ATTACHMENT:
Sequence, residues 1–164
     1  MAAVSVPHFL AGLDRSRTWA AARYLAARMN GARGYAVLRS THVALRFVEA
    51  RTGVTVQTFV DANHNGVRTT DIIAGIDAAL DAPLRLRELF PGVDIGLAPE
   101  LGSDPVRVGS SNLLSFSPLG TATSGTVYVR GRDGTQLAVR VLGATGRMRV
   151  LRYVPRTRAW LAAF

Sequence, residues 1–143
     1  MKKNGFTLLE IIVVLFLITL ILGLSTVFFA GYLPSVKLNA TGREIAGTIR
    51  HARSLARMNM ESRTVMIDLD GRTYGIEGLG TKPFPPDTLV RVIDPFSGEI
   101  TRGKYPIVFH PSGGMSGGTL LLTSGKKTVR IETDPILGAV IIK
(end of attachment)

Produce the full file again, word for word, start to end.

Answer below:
Sequence, residues 1–164
     1  MAAVSVPHFL AGLDRSRTWA AARYLAARMN GARGYAVLRS THVALRFVEA
    51  RTGVTVQTFV DANHNGVRTT DIIAGIDAAL DAPLRLRELF PGVDIGLAPE
   101  LGSDPVRVGS SNLLSFSPLG TATSGTVYVR GRDGTQLAVR VLGATGRMRV
   151  LRYVPRTRAW LAAF

Sequence, residues 1–143
     1  MKKNGFTLLE IIVVLFLITL ILGLSTVFFA GYLPSVKLNA TGREIAGTIR
    51  HARSLARMNM ESRTVMIDLD GRTYGIEGLG TKPFPPDTLV RVIDPFSGEI
   101  TRGKYPIVFH PSGGMSGGTL LLTSGKKTVR IETDPILGAV IIK